* See articles on Glycerine and Oleic Acid in Watts' 'Dict. of Chemistry.'

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was no inflection for about 12 hrs.; but after 23 hrs. almost all the tentacles were inflected. Three leaves were likewise immersed in unboiled linseed oil, and soon became somewhat, and in 3 hrs. greatly, inflected. After 1 hr. the secretion round the glands was coloured pink. I infer from this latter fact that the power of linseed oil to cause inflection cannot be attributed to the albumin which it is said to contain.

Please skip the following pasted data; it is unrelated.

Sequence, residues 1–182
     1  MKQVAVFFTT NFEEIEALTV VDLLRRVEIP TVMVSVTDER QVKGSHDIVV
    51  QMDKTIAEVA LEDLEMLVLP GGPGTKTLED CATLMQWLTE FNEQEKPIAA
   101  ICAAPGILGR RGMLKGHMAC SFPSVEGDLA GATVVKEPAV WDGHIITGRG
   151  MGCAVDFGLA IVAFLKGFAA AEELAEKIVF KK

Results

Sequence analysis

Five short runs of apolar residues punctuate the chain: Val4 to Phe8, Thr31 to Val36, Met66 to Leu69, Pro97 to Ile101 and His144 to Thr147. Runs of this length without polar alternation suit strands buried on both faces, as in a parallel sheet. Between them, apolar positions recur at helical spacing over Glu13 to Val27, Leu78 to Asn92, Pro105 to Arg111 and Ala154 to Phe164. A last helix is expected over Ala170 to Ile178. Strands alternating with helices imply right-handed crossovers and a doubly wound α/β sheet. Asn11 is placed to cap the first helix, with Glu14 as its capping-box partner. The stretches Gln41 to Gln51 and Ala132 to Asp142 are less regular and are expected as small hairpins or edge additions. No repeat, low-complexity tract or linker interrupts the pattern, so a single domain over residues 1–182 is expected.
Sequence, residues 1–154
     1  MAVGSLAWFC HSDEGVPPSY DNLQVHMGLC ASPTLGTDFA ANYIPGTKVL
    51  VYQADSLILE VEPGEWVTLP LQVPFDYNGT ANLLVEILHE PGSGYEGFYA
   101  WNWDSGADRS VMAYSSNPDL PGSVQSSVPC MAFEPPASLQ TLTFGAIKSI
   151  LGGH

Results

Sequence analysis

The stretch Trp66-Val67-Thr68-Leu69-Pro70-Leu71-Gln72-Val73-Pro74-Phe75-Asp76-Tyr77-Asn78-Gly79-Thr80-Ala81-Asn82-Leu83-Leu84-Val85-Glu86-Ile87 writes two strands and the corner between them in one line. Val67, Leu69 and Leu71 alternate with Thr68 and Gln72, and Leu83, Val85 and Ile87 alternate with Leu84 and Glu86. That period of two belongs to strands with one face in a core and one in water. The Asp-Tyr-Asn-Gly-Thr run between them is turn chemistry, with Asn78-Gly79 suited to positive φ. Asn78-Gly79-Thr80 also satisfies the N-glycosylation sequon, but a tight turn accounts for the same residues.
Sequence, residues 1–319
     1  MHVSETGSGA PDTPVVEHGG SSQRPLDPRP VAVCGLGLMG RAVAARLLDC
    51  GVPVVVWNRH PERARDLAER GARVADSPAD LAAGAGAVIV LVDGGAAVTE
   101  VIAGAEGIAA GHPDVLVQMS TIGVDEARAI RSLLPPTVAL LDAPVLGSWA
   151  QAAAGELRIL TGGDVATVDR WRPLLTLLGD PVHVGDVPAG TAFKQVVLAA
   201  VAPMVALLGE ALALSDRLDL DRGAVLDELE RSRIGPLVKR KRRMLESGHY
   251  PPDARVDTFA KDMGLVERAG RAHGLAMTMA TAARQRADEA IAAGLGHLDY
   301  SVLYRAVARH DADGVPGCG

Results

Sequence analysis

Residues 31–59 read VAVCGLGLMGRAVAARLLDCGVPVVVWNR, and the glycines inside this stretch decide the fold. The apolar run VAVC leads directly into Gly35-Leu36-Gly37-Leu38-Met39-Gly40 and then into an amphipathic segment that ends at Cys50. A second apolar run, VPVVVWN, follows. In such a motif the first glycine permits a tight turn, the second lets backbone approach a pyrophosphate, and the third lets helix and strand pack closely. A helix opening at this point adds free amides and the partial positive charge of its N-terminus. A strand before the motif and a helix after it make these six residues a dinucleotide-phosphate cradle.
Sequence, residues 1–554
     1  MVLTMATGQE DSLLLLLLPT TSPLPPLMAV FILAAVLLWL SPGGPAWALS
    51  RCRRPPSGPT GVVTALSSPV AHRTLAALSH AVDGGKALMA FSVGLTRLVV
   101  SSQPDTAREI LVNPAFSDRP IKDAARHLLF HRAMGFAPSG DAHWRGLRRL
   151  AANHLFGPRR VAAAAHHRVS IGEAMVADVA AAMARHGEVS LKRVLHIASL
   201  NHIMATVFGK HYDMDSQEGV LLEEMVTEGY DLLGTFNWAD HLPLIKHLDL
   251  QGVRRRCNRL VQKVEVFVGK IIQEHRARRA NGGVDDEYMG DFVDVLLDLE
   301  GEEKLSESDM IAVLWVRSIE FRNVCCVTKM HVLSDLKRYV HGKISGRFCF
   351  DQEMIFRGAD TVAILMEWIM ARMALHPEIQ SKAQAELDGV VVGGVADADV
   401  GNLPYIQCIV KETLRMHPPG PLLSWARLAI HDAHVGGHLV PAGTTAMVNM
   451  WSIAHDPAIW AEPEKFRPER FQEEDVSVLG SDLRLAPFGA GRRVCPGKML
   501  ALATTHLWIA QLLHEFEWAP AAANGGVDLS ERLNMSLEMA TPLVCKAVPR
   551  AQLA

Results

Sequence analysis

Carbolic Acid.—Two leaves were immersed in sixty minims of a solution of 1 gr. to 437 of water; in 7 hrs. one was slightly, and in 24 hrs. both were closely, inflected, with a surprising amount of mucus secreted. These leaves were washed and left for two days in water; they remained inflected; most of their glands became pale, and they seemed dead. This acid is poisonous, but does not act nearly so rapidly or powerfully as might have been expected from its known destructive power on the lowest organisms. Half-minims of the same solution were placed on the discs of three leaves; after 24 hrs. no inflection of the outer tentacles ensued, and when bits of meat were given them, they became fairly well inflected. Again half-minims of a stronger solution, of one part to 218 of water, were placed on the discs of three leaves; no inflection of the outer tentacles ensued; bits of meat were then given as before; one leaf alone became well inflected, the discal glands of the other two appearing much injured and dry. We thus see that the glands of the discs, after absorbing this acid, rarely transmit any motor impulse to the outer tentacles; though these, when their own glands absorb the acid, are strongly acted on.